A creek flows in a forest.
Quantifying the biggest sources of phosphorus to U.S. waterways, such as Hazel Creek in North Carolina (pictured), is important for informing effective policy aimed at restoring these waters. Credit: Jerry Ackerman, U.S. EPA
Source: Journal of Geophysical Research: Biogeosciences

Phosphorus is an important nutrient, but too much of it in lakes and streams can diminish water quality and lead to eutrophication, resulting in harmful algal blooms and dead zones. To restore waterways degraded by excess phosphorus, decisionmakers must understand which sources of the nutrient could be reduced to make the biggest impact on water quality.

Agricultural runoff from fertilizers and manure is a common source of phosphorus, but the impact of agriculture is not uniform across different bodies of water. Sabo et al. applied several statistical approaches to analyze data from the U.S. EPA’s National Lakes Assessment and the National Rivers and Streams Assessment to determine the most influential drivers of phosphorus levels in the country’s lakes and streams and better understand how these systems differ in their responses to changing inputs from various phosphorus sources.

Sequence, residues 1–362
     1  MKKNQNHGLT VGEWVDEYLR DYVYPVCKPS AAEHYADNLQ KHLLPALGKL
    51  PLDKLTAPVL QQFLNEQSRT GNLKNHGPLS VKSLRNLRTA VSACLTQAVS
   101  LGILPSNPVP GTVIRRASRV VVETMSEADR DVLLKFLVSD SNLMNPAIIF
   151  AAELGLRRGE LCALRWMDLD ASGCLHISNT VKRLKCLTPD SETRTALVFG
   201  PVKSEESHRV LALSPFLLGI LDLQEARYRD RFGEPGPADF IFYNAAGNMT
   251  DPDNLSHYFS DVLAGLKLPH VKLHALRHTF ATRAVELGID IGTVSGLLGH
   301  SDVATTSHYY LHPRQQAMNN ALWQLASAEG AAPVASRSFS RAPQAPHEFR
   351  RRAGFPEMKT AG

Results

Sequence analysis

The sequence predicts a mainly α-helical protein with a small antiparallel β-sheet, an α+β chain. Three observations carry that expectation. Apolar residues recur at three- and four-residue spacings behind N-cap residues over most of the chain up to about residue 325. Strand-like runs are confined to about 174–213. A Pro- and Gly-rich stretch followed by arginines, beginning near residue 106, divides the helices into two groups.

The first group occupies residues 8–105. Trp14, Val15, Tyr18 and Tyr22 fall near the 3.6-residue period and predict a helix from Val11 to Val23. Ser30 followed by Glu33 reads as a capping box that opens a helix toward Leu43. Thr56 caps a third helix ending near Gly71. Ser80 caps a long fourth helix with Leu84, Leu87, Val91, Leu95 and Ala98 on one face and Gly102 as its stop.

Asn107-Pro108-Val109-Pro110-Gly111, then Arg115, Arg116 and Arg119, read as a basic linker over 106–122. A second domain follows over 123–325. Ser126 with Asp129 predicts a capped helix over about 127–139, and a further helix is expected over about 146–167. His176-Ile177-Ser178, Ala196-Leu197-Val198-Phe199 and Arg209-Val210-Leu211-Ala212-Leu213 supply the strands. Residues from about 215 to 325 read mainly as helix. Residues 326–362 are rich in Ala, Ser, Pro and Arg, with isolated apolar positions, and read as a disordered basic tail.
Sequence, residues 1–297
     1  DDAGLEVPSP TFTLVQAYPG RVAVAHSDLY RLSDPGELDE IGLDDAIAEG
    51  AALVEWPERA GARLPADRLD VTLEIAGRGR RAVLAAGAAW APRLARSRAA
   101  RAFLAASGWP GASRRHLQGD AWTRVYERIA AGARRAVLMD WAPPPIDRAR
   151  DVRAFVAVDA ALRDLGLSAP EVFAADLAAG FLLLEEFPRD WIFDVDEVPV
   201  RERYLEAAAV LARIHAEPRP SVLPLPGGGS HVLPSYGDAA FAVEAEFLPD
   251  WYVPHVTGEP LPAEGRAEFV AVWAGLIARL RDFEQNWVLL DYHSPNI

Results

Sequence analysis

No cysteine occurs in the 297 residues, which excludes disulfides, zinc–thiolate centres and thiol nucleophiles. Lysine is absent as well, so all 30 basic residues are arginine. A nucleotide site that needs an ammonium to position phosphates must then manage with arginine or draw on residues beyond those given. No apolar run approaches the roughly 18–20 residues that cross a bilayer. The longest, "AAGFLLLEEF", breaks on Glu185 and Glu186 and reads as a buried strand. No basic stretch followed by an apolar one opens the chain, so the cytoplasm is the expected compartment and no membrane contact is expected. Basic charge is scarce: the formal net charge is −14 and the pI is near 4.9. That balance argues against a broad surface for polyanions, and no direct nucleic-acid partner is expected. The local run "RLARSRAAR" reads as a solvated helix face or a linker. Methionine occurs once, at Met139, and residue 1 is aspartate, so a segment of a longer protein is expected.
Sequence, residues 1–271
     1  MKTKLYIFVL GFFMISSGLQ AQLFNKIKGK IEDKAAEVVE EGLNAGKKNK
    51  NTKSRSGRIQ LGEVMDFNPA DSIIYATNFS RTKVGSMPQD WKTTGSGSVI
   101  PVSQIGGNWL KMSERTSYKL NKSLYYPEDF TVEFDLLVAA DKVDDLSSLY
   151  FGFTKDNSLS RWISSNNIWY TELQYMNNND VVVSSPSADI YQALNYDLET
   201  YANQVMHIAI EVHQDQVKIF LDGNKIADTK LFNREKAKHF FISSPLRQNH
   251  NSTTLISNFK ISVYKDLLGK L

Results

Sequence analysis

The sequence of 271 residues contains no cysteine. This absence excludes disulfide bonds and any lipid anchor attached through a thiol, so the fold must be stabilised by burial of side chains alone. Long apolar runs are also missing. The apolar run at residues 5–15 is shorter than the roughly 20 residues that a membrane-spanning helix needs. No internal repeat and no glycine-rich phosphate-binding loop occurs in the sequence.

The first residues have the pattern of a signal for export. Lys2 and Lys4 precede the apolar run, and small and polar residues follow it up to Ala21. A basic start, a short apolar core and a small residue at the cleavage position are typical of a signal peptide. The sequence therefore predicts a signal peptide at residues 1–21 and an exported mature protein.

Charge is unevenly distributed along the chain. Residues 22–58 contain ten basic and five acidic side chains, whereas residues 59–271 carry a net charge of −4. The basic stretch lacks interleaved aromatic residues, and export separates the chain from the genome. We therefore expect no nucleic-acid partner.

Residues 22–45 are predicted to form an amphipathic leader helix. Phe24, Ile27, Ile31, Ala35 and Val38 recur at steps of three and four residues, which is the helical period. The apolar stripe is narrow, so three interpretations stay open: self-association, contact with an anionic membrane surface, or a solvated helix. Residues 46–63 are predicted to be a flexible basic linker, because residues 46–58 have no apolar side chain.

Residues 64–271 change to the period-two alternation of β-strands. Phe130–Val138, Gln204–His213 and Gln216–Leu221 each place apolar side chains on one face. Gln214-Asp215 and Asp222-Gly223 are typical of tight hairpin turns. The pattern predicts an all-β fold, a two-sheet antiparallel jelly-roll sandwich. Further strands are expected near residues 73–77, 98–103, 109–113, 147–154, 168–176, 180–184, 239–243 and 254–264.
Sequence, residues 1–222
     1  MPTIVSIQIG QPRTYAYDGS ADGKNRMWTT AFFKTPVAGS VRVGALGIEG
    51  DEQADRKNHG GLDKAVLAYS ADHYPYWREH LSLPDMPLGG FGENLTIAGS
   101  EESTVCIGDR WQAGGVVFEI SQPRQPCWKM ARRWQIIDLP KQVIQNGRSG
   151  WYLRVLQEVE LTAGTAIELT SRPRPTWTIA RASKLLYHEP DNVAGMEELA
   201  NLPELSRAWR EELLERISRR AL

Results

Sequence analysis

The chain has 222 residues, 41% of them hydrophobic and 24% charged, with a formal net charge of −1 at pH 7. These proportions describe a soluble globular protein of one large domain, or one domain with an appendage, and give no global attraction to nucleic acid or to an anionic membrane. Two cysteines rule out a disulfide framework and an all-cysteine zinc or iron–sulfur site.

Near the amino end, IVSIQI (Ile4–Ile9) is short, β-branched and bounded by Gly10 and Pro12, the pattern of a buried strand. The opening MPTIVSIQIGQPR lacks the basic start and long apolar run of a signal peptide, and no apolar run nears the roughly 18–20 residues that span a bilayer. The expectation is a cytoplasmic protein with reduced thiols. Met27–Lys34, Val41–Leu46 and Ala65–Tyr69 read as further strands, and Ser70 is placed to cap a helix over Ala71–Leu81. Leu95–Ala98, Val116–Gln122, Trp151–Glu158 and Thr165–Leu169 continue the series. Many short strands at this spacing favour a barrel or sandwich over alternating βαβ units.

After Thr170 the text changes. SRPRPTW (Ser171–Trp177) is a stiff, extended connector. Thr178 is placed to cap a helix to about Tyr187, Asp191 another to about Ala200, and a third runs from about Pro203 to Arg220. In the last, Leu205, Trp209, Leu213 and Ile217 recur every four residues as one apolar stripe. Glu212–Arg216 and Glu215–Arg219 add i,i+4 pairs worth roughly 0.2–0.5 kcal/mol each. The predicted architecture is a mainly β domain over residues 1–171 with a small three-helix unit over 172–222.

They found that phosphorus levels in streams were most strongly influenced by the amounts of fertilizer and manure introduced to nearby farmland, as well as by legacy sources of agricultural phosphorus released by erosion. Lake phosphorus levels, meanwhile, were determined by a more complex mix of variables—agricultural runoff played a role, as did historic inputs from erosion, internal recycling, and other factors.

The study indicates that in the short term, efforts to mitigate agricultural runoff would have the greatest impact on reducing phosphorus surpluses in U.S. streams. However, higher temperatures and more precipitation also correlated with increased phosphorus levels in the data set, and the authors note that these factors could contribute to greater phosphorus loading in surface waters in the future due to climate change. (Journal of Geophysical Research: Biogeosciences, https://doi.org/10.1029/2022JG007227, 2023)

—Rachel Fritts (@rachel_fritts), Science Writer

The logo for the United Nations Sustainable Development Goal 6 is at left. To its right is the following text: The research reported here supports Sustainable Development Goal 6. AGU is committed to supporting the United Nations 2030 Agenda for Sustainable Development, which provides a shared blueprint for peace and prosperity for people and the planet, now and into the future.
Citation: Fritts, R. (2023), Current agriculture adds more phosphorus to streams than to lakes, Eos, 104, https://doi.org/10.1029/2023EO230301. Published on 17 August 2023.
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